If you haven't lived at the foot of a cave for ten years, the "World of Warcraft" phenomenon has certainly not passed you by. Blizzard, the developer and publisher behind MMORPG, first released in 2004, has added new classes and story strands to the game's scope over the past few years. Millions of people around the world still log into the virtual world every day to farm or adventure.
Today we're looking at the latest expansion: Battle for Azeroth. With this "update" the game's 3D engine is modernized, giving Up WoW to the aging DirectX 9 API and exclusive full-screen mode. On the other hand, in addition to DirectX 11 rendering mode, a DirectX 12 mode is also available, which theoretically increases performance and takes advantage of multi-core CPUs. Let's see what it looks like in practice with our test platform!
World of Warcraft doesn't have an integrated benchmark, so we had to find a sequence that is both easily reproducible and sufficiently representative of what you see most of the time in the game.
Minimum and recommended configurations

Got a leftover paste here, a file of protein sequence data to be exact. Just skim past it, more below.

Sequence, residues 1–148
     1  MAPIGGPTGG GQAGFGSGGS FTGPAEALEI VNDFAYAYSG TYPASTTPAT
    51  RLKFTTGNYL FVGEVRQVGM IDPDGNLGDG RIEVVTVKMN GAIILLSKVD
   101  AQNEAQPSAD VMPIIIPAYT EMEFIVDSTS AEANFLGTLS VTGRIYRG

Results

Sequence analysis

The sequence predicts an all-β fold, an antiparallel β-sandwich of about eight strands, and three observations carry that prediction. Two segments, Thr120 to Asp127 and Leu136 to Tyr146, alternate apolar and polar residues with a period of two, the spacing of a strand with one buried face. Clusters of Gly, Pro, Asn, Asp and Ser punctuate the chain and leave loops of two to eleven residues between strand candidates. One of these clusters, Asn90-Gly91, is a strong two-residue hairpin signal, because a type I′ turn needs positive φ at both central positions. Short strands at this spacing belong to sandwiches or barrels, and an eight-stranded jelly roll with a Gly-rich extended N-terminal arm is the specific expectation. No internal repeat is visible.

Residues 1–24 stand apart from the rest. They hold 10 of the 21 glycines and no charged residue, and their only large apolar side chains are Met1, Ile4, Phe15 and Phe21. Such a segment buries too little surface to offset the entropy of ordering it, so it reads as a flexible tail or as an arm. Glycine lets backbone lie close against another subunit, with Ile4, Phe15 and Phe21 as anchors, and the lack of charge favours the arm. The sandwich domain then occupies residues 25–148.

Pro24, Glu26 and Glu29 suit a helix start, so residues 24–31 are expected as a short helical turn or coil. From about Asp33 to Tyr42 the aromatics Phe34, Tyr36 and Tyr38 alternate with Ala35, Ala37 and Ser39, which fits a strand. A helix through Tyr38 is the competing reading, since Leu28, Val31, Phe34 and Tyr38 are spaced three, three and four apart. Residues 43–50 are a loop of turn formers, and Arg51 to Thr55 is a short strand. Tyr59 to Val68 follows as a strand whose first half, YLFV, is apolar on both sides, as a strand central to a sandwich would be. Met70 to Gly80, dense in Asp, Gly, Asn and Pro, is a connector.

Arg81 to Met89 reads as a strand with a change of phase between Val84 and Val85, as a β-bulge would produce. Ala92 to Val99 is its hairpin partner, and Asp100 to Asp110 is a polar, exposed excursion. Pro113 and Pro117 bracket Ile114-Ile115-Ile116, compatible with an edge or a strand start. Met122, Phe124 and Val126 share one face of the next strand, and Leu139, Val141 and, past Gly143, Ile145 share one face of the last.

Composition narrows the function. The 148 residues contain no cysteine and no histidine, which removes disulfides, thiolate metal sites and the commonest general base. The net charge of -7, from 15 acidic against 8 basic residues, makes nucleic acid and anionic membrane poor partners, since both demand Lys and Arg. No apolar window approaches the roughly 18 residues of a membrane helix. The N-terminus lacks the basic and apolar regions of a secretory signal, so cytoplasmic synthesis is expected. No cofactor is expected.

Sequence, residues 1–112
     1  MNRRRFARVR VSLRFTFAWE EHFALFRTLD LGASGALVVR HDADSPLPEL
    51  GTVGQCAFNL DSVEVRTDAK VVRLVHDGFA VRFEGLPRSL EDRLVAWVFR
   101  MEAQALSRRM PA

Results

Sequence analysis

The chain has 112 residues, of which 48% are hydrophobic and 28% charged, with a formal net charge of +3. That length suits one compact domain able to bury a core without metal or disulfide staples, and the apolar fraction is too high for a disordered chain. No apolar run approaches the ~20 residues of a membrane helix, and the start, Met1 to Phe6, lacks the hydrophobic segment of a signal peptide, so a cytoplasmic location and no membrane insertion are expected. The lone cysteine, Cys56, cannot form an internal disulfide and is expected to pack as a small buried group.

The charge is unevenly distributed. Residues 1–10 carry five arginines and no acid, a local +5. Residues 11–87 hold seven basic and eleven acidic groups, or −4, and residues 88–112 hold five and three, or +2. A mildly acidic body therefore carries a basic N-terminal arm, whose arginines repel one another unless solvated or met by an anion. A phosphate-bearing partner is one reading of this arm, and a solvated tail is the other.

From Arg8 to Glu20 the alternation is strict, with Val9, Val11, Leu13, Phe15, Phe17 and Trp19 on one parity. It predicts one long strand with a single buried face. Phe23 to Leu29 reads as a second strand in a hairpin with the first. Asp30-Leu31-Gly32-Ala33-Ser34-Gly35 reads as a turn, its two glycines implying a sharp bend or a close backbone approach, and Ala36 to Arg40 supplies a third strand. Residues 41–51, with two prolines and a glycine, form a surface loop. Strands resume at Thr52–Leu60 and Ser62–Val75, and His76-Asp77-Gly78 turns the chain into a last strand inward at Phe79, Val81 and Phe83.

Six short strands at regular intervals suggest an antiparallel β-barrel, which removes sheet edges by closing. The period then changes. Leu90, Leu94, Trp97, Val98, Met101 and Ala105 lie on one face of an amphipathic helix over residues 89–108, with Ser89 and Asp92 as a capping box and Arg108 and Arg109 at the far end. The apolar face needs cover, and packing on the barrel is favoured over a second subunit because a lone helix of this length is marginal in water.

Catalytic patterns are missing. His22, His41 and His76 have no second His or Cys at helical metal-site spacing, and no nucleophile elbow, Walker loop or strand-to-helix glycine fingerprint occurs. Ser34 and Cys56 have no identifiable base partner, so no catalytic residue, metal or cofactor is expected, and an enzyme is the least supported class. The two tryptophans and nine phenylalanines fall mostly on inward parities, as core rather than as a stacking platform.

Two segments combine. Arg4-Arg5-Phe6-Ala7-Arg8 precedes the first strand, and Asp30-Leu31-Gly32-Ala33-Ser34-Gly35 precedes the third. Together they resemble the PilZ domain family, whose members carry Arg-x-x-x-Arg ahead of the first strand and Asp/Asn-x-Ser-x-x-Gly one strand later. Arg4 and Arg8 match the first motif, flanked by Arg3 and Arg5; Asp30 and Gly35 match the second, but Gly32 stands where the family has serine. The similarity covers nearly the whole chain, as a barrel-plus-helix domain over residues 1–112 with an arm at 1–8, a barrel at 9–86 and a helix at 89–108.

The World of Warcraft: Battle for Azeroth data sheet, which can be viewed in the Battle.net software, contains the minimum and recommended harware requirements. At first glance, it becomes clear that the game requires little memory, but requires at least one quad-core processor. With the GPU, WoW is also economical and can be operated with a small graphics card or even an integrated graphics processor. The stronger the GPU, the more graphical effects flicker across the screen.
|Processor||Intel Core i5-760
|Intel Core i7-4770
8GB for Intel HD
|Gpu||NVIDIA GeForce GTX 560
AMD Radeon HD 7850
Intel HD Graphics 530
|GeForce GTX 960
AMD R9 280
|Operating system||Windows 7, 8.1, 10 (64 bit)||Windows 10 (64 bit)|
|Data||70 GB||70 GB|